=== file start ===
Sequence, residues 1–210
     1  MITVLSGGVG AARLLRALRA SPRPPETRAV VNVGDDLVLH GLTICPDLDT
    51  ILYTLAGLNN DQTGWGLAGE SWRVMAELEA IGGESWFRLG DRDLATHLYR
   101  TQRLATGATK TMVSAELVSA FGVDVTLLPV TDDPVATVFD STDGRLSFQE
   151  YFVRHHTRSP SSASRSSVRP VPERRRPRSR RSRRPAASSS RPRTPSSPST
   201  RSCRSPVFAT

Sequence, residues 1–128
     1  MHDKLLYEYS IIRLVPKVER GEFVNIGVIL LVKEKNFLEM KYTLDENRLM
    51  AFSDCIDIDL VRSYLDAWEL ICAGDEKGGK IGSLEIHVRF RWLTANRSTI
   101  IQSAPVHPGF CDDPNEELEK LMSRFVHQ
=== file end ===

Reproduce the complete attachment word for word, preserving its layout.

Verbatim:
Sequence, residues 1–210
     1  MITVLSGGVG AARLLRALRA SPRPPETRAV VNVGDDLVLH GLTICPDLDT
    51  ILYTLAGLNN DQTGWGLAGE SWRVMAELEA IGGESWFRLG DRDLATHLYR
   101  TQRLATGATK TMVSAELVSA FGVDVTLLPV TDDPVATVFD STDGRLSFQE
   151  YFVRHHTRSP SSASRSSVRP VPERRRPRSR RSRRPAASSS RPRTPSSPST
   201  RSCRSPVFAT

Sequence, residues 1–128
     1  MHDKLLYEYS IIRLVPKVER GEFVNIGVIL LVKEKNFLEM KYTLDENRLM
    51  AFSDCIDIDL VRSYLDAWEL ICAGDEKGGK IGSLEIHVRF RWLTANRSTI
   101  IQSAPVHPGF CDDPNEELEK LMSRFVHQ